The mining bill currently under consideration in the Senate changes the law and instead allocates only 60% of the proceeds from the mining tax to the fund to address local impacts. The remaining 40% of proceeds would be sent to the Wisconsin Economic Development Corporation, with no specific requirements as to how the money must be spent. Read more
States that follow the economic policy agenda promoted by ALEC risk weakening state economies and harming middle class families. That’s the message of a new report by the Center on Budget and Policy Priorities, which outlines American Legislative Exchange Council’s policy recommendations and their negative effects.
ALEC is a network of conservative state legislators and lobbyists that works to influence state legislation in a variety of policy areas, including budget and tax policy. According to CBPP, ALEC’s proposals would:
cut taxes deeply for wealthy individuals, investors, and corporations; shift tax burdens substantially from well-to-do to middle- and low-income households; and impose strict constitutional or legal limits on revenues or spending that would severely limit states’ ability to provide adequate funds for education, health care, and other priorities, and impair state economic growth.
Many of the recent changes made to Wisconsin’s tax and budget system follow ALEC’s recommendations. For example, the Wisconsin state legislature has passed several new tax cuts that primarily benefit corporations and well-off individuals. Read more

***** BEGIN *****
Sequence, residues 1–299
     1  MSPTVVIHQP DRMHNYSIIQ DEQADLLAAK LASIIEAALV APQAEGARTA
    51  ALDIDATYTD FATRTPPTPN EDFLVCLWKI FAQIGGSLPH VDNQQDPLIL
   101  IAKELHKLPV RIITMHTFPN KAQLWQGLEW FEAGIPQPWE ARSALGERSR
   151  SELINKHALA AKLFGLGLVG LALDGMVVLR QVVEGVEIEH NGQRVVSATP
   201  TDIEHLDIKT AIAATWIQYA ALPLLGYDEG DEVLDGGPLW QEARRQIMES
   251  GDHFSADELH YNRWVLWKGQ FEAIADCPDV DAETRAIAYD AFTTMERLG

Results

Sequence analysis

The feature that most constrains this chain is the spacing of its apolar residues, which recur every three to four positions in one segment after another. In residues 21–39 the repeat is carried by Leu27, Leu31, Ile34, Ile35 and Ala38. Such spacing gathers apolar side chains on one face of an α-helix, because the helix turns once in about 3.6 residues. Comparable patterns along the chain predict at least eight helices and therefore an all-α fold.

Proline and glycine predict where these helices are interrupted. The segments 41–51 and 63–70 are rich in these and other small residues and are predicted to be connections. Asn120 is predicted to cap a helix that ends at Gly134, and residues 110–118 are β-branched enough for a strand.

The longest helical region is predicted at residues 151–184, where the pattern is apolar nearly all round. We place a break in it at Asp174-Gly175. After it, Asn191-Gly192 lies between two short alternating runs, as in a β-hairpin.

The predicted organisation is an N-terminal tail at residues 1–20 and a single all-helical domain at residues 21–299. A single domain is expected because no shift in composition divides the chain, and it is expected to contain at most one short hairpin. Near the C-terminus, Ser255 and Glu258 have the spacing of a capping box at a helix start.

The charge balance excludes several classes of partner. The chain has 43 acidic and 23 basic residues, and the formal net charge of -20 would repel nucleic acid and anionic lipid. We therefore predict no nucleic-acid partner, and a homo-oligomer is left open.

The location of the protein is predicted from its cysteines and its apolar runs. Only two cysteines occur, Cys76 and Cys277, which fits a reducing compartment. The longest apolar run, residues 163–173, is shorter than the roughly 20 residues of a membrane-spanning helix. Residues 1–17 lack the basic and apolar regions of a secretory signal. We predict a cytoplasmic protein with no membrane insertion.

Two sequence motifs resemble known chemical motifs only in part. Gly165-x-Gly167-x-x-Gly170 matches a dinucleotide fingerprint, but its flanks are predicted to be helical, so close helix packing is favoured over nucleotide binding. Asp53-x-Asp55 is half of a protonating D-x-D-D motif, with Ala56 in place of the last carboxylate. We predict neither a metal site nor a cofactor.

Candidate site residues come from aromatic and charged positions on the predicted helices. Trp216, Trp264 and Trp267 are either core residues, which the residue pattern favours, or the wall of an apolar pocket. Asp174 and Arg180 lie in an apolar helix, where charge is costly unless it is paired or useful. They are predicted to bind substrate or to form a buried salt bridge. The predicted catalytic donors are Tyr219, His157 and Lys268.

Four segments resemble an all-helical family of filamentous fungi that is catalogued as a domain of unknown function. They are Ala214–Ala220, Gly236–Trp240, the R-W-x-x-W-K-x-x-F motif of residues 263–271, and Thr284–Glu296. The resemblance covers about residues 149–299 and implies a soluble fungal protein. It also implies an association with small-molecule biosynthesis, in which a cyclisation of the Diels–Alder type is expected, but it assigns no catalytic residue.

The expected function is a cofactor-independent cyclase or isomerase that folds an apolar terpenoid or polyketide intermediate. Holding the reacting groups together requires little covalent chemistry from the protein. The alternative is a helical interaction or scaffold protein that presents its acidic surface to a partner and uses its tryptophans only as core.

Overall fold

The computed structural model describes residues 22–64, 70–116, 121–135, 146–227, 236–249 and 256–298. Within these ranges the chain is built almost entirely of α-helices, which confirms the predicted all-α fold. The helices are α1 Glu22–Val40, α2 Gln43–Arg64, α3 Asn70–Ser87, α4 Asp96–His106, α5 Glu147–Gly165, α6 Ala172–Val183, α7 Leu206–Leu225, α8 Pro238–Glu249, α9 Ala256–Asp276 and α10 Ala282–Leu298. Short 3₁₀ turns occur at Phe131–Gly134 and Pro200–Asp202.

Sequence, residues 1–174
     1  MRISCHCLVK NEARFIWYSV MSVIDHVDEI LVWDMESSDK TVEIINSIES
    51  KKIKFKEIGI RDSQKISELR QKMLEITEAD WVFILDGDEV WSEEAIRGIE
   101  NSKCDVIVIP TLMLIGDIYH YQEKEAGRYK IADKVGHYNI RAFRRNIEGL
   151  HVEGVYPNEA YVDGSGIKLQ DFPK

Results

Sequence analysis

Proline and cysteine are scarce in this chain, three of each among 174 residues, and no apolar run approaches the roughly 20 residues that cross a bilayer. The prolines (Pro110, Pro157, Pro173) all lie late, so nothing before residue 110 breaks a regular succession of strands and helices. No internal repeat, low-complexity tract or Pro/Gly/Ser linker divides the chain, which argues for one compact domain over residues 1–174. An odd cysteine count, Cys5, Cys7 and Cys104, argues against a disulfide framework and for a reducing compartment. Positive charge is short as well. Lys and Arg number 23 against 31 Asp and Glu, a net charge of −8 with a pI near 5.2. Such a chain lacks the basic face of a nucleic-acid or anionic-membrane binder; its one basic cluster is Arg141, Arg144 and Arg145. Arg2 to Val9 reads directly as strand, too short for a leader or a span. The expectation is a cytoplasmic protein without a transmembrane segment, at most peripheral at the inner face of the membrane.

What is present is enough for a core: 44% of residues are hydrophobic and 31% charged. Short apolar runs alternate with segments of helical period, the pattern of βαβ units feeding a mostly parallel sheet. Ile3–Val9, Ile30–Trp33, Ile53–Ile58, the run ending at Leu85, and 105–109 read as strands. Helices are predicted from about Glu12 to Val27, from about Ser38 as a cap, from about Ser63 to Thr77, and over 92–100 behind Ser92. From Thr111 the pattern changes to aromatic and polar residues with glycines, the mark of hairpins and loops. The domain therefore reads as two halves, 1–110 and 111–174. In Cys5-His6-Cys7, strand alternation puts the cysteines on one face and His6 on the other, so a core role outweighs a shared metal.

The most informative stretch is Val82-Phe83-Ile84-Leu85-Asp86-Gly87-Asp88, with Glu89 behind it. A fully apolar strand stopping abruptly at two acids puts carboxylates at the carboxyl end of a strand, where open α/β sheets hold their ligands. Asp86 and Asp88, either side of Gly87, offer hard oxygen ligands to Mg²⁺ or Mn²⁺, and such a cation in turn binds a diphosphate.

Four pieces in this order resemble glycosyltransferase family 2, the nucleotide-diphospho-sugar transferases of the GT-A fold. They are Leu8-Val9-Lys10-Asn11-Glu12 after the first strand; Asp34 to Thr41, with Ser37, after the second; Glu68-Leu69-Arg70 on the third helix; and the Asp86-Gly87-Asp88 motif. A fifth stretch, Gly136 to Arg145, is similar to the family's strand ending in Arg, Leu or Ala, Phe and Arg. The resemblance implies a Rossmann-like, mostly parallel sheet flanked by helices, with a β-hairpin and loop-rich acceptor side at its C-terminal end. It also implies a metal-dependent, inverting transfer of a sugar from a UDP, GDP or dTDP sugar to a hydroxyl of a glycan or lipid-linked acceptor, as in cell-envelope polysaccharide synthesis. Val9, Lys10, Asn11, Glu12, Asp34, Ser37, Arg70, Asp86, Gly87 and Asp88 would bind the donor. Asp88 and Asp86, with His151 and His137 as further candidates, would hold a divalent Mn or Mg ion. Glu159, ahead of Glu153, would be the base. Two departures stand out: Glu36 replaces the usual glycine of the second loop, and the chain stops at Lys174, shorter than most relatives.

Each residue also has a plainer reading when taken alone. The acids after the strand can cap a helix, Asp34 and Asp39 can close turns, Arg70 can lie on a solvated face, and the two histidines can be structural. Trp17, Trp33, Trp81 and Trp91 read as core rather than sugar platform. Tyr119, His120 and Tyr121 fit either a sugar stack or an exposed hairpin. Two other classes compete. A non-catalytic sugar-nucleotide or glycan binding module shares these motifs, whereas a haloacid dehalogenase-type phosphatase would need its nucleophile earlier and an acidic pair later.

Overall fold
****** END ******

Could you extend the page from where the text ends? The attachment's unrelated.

It’s Déjà Vu All over Again for the Homestead Credit
Over the Groundhog day weekend I was working on the plot for a new version of the Groundhog Day movie – for a remake that I think Columbia Pictures should film in Sun Prairie. Bill Murray would once again have the lead role, playing a retired former weatherman who now hosts the annual Ground Day event in Sun Prairie, and who has a crush on a Madison-area TV personality, played endearingly by Andie MacDowell. Sun Prairie’s Jimmy the Groundhog will replace Punxsutawney Phil, of course; and I’ll have a small part as a geeky fiscal policy analyst (a bit of a stretch), in lieu of Ned – the nerdy insurance agent.
The story is set slightly before the next big Groundhog Day celebration. It’s January 31 and our hero is paying his Sun Prairie property taxes, which isn’t easy for him now that he is retired and living solely on Social Security (after his ex-wife, who ran away with Ned, was awarded his modest pension from the TV station). Read more
New 50-State Study Provides Detailed Profiles and Comparisons of Tax Systems
Like most state tax systems, Wisconsin takes a much larger share from middle- and low-income families than from wealthy families, according to the fourth edition of “Who Pays? A Distributional Analysis of the Tax Systems in All 50 States,” released today by the Washington-based Institute on Taxation and Economic Policy (ITEP).
Combining all of the state and local income, property, sales, and excise taxes Wisconsin residents pay, the average overall effective tax rates by income group are 9.6% for the bottom fifth of Wisconsinites; 10.7% for the middle fifth: and 6.9% for the top 1%. The full report is online at www.whopays.org.
The report’s findings illustrate why state lawmakers need to be very careful about the effects of new tax proposals on the distribution of state and local taxes. They need to consider the combined effect of all state and local taxes, rather than focusing only on the income tax. Read more